Dr. Matthew Ellison is director of the new sinus and allergy program at Duke Otolaryngology of Raleigh. Here, he explains the science of sneezing. Questions and answers have been edited.
Q: What causes sneezing?
The most common cause of sneezing is something irritating the nasal passage – especially the septum (which divides nostrils). It can be something external (dust, strong odors, smoke, pollen) or something internal (your own mucus during a cold).
In this situation, “irritation” means nerve endings are activated. Once an adequate number of nerve endings are activated, the brain (actually, the brain stem) sends out a command to sneeze. An entirely new cascade of coordinated nerve signals begins. This extremely complex nervous system activity quickly manifests as a physical sneeze.
Q: Why are sneezes sometimes triggered by sunlight?
We don’t know exactly why. When that happens, several reflexes are triggered, like squinting the eyelids (which is partially voluntary) and the pupils contracting (which is completely involuntary). Presumably the bright sun so strongly activates these reflexes that the command signal “overflows” and stimulates other brain stem reflexes, like sneezing or hiccups.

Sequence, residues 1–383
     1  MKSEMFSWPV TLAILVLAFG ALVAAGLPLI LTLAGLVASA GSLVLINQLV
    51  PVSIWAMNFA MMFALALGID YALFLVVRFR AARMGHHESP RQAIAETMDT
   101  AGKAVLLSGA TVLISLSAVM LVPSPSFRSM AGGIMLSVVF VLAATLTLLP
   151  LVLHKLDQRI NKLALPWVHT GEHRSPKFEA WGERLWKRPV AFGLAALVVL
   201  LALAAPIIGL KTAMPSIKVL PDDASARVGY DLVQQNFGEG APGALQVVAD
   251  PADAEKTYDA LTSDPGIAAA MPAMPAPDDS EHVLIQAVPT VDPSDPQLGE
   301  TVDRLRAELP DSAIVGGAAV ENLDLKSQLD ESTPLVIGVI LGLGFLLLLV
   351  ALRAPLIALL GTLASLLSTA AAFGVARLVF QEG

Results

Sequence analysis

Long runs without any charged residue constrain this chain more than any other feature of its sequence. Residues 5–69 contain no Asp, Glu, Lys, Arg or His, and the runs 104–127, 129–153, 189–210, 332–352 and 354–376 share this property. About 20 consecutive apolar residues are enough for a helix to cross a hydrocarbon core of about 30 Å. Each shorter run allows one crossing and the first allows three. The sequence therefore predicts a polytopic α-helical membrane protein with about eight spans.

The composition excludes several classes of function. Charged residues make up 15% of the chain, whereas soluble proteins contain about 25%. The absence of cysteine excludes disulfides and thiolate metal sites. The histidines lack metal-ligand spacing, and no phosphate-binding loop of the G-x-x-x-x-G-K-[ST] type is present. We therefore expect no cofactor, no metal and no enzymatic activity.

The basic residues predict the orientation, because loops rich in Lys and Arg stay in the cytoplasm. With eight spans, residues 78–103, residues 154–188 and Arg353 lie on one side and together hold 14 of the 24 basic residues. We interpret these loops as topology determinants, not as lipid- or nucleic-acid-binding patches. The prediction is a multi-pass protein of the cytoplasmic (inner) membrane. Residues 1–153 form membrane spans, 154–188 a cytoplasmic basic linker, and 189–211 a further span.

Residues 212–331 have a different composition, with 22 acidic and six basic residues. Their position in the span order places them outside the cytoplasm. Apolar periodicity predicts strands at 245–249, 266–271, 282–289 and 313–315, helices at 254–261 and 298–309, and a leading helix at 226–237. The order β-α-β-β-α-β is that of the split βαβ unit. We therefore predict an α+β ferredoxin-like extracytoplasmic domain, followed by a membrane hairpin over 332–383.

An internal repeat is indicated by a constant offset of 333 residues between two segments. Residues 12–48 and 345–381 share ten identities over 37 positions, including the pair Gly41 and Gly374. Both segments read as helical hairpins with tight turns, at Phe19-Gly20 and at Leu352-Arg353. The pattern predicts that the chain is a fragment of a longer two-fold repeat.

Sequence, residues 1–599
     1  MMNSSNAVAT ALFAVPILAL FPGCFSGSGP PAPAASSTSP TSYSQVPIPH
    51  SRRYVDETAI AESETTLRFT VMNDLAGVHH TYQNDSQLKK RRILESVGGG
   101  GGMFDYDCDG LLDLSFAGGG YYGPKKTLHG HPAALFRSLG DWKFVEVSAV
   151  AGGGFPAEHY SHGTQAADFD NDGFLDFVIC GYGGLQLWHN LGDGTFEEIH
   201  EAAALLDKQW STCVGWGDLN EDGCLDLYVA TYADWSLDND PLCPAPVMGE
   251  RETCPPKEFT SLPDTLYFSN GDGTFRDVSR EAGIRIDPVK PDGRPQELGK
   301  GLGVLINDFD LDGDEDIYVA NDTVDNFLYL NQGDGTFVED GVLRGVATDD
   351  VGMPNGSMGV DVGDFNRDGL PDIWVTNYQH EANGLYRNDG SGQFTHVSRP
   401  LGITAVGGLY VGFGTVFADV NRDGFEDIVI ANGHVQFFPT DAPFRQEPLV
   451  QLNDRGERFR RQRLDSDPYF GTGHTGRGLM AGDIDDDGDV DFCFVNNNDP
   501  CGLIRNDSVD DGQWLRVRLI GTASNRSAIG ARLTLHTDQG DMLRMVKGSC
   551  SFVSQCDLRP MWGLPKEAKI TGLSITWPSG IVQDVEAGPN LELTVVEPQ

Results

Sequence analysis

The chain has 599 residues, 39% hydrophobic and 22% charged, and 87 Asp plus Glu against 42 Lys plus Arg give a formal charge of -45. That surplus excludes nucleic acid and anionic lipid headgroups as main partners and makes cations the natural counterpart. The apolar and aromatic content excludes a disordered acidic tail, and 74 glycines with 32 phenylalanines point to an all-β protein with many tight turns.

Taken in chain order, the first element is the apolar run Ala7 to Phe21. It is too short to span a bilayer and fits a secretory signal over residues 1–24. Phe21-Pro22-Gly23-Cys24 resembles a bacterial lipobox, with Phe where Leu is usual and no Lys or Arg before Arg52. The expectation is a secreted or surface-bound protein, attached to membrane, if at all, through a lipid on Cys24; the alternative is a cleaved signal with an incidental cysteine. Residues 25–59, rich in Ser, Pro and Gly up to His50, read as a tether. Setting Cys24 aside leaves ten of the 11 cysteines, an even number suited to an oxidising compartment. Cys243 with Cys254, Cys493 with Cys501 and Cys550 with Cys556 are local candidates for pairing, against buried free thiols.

Q: How do sneezes get so powerful?
A strong sneeze involves the contraction of your diaphragm, a large sheet-like muscle that separates your chest (lungs, heart) from your abdomen (stomach, intestines). The contraction causes you to breathe in quickly. The chest and rib muscles then contract, causing the air pressure in your lungs to increase. Normally, this would cause you to exhale and force the air out. But during a sneeze the throat and vocal cords close briefly, causing the pressure in the lungs to go even higher. When the throat and vocal cords do finally relax, the high pressure in your lungs releases very quickly, pushing all the air through whatever is open – be it your nose, your mouth or both! Thus, a sneeze.
Q: What causes double or triple sneezes?
Sneezing is a coordinated activation of several specific parts of your nervous system that follows a central “command” to sneeze. The command signals have usually ended before the sneeze ends. The command signals probably keep going longer in people who are double or triple sneezers. In other words, once the command is triggered it can keep itself going longer – even if the trigger is already gone.
Why don’t we sneeze the entire time we’re exposed to something that irritates our nose? This has to do with a neurologic principle called a negative feedback loop. The nervous system activity after the command to sneeze also includes activity to stop future commands, or to increase the threshold of irritation required to trigger another command to sneeze.
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